Yossi Dahan [BizTalk]

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Friday, July 29, 2005

Multiple send handlers in BizTalk 2006

I'm sure now that the beta version of BizTalk 2006 is out we will start seeing more and more postings about new cool features.

I'll contribute my two cents by highlighting an addition I believe is quite significant - the ability to configure multiple send handlers for an adapter.

In BizTalk 2004, while it was possible to configure several receive handlers for an adapter, it was only possible to select a single send handler (remember that combo box in the send handler properties?). Adding more then one handler was simply not possible.

This meant that, while you could configure different receive locations to run under different hosts, each having its own credentials (for instance - permission to a specific folder when using the file adapter) , you could only specify a single host for all your send ports

This meant that all the send ports using the same adapter ran under the same host - with the same credentials and therefore the same permissions which obviously resulted in reduced security.

(This is why you we're not required to select handler on send ports, only on receive ports. The handler on the send port was determined by the adapter you selected)


BizTalk 2006 allows you to configure multiple send handlers to an adapter as well as receive handlers, and then in each port select which one should be used.
A file send port of a specific application no longer has to have the permissions for a folder used by another send port, in a totally different application.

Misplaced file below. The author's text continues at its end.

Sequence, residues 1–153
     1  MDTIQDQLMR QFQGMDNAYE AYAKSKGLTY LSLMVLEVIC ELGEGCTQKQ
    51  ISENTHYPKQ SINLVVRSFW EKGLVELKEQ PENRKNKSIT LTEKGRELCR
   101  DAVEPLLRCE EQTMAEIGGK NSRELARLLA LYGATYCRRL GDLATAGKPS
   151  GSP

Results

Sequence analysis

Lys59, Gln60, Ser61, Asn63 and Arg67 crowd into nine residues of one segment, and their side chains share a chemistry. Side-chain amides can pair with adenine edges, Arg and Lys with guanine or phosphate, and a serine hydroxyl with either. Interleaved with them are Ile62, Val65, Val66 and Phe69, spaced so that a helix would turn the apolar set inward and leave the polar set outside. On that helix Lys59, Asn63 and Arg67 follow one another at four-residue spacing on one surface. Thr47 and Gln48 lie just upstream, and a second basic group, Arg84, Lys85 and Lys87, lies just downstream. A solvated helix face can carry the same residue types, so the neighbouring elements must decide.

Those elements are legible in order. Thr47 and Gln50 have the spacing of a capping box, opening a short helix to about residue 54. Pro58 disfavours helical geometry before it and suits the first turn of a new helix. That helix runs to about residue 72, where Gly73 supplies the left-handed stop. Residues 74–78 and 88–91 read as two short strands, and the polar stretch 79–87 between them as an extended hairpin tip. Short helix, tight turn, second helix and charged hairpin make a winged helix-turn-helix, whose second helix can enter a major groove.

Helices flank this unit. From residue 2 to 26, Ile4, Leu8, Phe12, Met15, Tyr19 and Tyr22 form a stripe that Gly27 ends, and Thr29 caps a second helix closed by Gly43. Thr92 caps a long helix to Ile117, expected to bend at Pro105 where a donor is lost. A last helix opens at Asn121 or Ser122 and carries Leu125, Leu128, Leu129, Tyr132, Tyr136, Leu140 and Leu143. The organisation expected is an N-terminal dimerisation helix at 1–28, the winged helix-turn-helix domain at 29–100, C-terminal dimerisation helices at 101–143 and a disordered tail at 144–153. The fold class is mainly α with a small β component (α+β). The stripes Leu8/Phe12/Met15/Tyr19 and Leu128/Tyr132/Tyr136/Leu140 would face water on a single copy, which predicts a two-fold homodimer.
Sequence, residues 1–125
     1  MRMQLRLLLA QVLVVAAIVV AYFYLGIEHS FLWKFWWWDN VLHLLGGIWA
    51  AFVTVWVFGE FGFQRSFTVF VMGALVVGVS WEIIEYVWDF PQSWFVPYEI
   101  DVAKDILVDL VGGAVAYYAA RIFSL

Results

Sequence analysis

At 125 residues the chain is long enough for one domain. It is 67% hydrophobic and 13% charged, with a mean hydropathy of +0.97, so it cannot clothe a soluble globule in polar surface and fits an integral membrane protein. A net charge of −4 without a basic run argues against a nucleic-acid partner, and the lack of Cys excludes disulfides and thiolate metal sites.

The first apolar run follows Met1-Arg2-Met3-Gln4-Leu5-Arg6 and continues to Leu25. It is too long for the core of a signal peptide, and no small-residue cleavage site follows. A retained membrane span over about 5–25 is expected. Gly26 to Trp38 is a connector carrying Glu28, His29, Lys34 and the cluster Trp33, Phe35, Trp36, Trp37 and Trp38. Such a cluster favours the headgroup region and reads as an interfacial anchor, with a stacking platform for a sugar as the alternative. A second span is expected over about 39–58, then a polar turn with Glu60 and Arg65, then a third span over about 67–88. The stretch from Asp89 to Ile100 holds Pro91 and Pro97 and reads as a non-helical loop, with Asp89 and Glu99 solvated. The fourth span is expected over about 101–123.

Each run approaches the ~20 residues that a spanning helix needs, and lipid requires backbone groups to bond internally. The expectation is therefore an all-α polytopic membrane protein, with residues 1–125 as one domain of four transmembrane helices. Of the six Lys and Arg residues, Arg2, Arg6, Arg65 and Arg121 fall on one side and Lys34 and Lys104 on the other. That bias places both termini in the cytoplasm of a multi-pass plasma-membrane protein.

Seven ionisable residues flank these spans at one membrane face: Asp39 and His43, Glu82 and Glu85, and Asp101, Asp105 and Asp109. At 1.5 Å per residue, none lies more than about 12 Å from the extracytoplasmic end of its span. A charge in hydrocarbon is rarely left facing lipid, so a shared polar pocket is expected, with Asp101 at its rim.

(Adding additional send handlers for the file adapter, you can notice there are two already)


(Selecting the send handler to use in a send port)

Thursday, July 28, 2005

Unexpected behaviour with the configuration block and Xml Serialization

As been discussed so many times we're facing over and over again the issue of storing configuration, and it's quite obvious the last word has not beed heared on this (I'm probably going to deal more with this subject in the coming few weeks)

Yesterday I've been playin around with the configuration application block in the entterprise library and Xml Serialization when I found out something about serialization that surprised me (if it's obvious and I'm the only one puzzled by this forgive me for waisting your time..)

I've created a class to represent a piece of data that I will store using the config block's xml provider.

Since in my case, after the initial creation of a piece of data it is expected to be read-only I've created only getters in the properties of my class, allowing only an internal constructor to receive parameters and update the members, which meant normal access to the configuration data will not be allowed.
an additional parameter-less constructor was created to satisfy the serialization rules (as kindly instructed by the compiler)

I then created an instance of my data class (providing data throught the first constructor) and stored it witht the configuration block, but when I opened the saved xml file I found out the although data structure was saved correctly, it did not contain any values! all the members we're empty.